DUBAI: UAE-based conceptual artist Moey talks about his interactive installation that was recently on show at Sikka Art and Design Platform in Dubai.
I’ve lived in Dubai for 15 years. I reasoned that if I’m going to name this country home, I should return the favor by using what I do best—my art—to benefit the country. I made the decision to honor the UAE’s history of drawing visitors from all over the world who come here with the hope and aspirations of building a better future when Sikka put out open calls for artists to participate.
I made an enormous traveler’s sack out of Persian carpets and a bamboo stick suspended in the air to represent the idea of being gone from home and discovering one elsewhere. The concept was inspired by the buqsa/jhola (‘bundle’ or ‘bag’ in Arabic/Hindi) carried by travellers to hold their bare essentials in the olden days.
Getting the flexible carpet material to rise straight up was difficult. After a few failed attempts, I discovered that placing a steel-and-wire mesh in the middle of the rugs was effective. Early on, I understood that if I was going to depict refugees in the artwork, I needed to include them in the narrative. I then presented my art project to my neighbors in The Greens by knocking on their doors. The news spread after we created a WhatsApp group. My house quickly became crowded with guests of all kinds. The residents who cooked for us and allowed us to use their space ranged from my neighbor’s nine-year-old neighbor’s daughter, who assisted with the stitching, to her teenage brother, who helped with the drilling to create the wooden platform. We became one big family of 40 people while creating this artwork. Urbanization and modern life have isolated people in cities and I believe we need more such community projects.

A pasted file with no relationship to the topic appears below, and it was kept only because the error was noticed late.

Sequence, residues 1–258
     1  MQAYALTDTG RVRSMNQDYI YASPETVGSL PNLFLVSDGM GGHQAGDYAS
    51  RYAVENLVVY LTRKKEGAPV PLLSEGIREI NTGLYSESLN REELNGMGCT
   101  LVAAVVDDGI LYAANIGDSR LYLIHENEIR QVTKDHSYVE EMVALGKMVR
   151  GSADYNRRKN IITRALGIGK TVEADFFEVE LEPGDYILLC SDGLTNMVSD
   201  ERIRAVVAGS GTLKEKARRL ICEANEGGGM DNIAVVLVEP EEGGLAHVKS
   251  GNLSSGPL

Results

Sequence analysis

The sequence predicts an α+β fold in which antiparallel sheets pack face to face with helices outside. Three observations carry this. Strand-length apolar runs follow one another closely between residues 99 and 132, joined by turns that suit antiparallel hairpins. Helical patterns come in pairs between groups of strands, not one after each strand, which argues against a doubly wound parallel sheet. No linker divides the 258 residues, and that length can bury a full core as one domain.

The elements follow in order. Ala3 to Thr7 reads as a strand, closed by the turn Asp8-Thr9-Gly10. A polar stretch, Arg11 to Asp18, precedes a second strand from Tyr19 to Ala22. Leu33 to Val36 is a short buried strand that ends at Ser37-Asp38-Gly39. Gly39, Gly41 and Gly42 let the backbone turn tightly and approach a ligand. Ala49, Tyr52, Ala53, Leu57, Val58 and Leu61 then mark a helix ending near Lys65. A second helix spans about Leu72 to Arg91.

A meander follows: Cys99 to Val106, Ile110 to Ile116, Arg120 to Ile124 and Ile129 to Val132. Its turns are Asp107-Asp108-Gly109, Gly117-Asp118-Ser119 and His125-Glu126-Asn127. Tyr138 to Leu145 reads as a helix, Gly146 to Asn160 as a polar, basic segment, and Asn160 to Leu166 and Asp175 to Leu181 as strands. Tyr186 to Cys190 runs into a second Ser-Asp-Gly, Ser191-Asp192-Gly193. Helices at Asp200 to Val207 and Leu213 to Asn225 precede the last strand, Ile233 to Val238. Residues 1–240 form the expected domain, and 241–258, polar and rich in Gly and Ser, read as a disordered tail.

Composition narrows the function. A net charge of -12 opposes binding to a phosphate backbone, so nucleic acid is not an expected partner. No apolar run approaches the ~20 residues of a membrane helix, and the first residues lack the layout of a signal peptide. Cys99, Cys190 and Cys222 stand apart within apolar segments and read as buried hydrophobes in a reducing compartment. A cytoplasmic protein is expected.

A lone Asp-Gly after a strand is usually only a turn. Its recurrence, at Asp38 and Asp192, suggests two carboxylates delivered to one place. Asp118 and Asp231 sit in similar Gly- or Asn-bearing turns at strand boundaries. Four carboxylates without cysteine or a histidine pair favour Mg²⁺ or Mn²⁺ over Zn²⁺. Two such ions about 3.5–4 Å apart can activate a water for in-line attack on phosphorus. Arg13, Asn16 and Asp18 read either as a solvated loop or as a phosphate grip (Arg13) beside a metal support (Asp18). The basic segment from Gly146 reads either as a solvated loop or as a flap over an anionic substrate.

At Sikka, the reaction was tremendous. As they attempted to grasp the bamboo stick, the viewers inadvertently became a part of the artwork. They looked inside and saw their own image in the bottom-mounted mirrors. We also played a variety of music, depending on the visitor’s nationality, including Bollywood, Arabic, and Turkish, to arouse feelings of nostalgia in them as they engaged with “Migrant Minds.”